Frank Hanzlik has this to say about his new job as managing director for the Wi-Fi Alliance: “I’m walking into a super organization.”
Wi-Fi and 802.11 networking is not new to Hanzlik, who is stepping down as the vice president of marketing and product management for fabless semiconductore company Mobilan to take on the job. He’s been a member of the Alliance since 2000, but with this move, he become the first full-time, dedicated employee of the Alliance, reporting to the board of directors. Hanzlik has worked in technology for 16 years, having previously held positions at Dell where he helped launch their first Wi-Fi products in 1999, and before that at Motorola in their LAN and cellular businesses.
The Wi-Fi Alliance began life as the Wireless Ethernet Compatibility Alliance (WECA) back before the term “wireless Ethernet” died a withering death (helped along by the Alliance turning the term “Wi-Fi”, short for Wireless Fidelity” into the term of choice). It is an industry consortium with members from over 180 companies whose primary focus has been on the lab-based testing of any-and-all 802.11-based products to make sure they’ll interoperate when working with products from other vendors. More recently, the Alliance announced a program called Wi-Fi ZONE that would certify and brand public-access hotspots.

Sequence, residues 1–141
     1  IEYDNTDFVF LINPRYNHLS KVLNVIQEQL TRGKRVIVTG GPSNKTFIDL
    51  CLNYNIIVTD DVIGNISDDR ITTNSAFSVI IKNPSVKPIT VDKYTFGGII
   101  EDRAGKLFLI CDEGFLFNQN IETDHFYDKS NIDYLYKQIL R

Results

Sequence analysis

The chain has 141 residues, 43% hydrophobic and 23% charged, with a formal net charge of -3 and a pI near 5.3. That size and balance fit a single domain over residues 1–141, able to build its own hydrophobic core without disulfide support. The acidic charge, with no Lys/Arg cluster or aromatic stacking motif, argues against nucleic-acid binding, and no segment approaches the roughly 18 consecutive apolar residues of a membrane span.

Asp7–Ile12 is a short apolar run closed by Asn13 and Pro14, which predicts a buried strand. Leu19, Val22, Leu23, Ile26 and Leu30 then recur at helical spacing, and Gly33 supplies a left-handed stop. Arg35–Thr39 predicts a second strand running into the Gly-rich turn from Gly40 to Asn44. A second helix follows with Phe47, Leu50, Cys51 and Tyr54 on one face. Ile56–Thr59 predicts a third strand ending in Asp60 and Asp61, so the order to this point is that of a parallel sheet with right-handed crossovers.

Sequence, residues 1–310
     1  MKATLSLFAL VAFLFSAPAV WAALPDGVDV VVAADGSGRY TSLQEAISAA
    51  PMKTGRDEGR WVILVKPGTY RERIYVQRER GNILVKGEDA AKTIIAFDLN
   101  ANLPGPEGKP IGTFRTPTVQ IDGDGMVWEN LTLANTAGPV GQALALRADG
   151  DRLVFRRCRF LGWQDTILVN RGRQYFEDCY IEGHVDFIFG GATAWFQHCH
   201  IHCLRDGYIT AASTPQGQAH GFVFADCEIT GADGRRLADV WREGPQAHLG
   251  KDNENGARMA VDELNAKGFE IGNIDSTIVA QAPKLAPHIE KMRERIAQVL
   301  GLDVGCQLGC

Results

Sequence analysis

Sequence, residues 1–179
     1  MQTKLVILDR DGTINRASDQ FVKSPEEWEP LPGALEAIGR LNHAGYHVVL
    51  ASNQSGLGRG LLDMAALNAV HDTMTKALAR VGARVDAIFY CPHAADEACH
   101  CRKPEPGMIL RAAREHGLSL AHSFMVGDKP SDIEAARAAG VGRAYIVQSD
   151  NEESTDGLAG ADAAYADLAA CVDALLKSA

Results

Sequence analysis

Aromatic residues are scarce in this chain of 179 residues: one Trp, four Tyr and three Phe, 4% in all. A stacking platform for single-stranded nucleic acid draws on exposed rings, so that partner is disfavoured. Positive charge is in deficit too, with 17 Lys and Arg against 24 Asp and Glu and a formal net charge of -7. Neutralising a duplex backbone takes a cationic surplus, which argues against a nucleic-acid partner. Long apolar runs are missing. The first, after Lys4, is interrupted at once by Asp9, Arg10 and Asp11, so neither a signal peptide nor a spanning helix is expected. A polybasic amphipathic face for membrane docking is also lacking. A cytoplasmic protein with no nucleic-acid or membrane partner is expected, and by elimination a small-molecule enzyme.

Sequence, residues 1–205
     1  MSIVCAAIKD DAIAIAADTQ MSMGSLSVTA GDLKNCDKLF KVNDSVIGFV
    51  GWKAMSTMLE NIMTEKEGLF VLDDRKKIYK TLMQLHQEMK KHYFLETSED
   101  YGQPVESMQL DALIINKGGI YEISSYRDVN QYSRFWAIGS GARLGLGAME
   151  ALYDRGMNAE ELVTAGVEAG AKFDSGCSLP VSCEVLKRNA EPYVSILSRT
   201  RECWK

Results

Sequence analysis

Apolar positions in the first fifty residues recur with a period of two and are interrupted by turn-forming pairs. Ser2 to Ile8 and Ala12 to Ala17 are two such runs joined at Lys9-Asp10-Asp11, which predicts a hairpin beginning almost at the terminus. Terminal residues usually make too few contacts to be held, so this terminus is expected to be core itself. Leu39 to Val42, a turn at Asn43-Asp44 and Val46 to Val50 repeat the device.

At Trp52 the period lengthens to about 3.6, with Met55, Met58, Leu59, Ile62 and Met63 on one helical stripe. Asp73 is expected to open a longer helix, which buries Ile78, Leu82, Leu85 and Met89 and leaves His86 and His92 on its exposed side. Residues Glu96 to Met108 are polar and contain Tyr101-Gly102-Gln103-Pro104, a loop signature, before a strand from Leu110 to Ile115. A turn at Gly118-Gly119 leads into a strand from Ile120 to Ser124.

Why get a managing director now after so many years? Hanzlik says the board and members, all of which have regular full-time jobs to attend to, were struggling with how to scale and grow the Alliance in the best way.
“The key motivation from the board perspective is that…they needed additional management leadership, to manage the growth of the alliance,” says Hanzlik. “It’s extra support for the outlying initiatives.”
While there have been positions in the Alliance such as executive director from the get go, they’ve all been administrative. Hanzlik says the managing director’s job will be broader in scope than just simple administration.
Still, he admits that it’s too early to say what day-to-day responsibilities will include. He will become the primary spokesperson for the Alliance, a job that has been handled by multiple people in the past.
“We wanted more centralization with one key spokesperson,” Hanzlik says. “We wanted to make sure we’re consistent and cultivating the right relationships.”
What’s next for the Wi-Fi Alliance under Hanzlik’s direction? He said the key initiative is the expansion of the certification program for 802.11-based products to include usability testing, toward the end of improving the experience for end-users. A group in the Alliances is already working on a best-practices document toward defining just what makes a “good experience” for Wi-Fi users. And of course, they will continue to push the Wi-Fi ZONE program, which the Alliance says now has about 3000 locations in 30 countries.
Hanzlik calls the ZONE program “key to the organization. We’re in a unique position to manage the neutral list.” (Jupitermedia, which owns 802.11 Planet, also runs its own list of hotspots at HotSpotList.com.)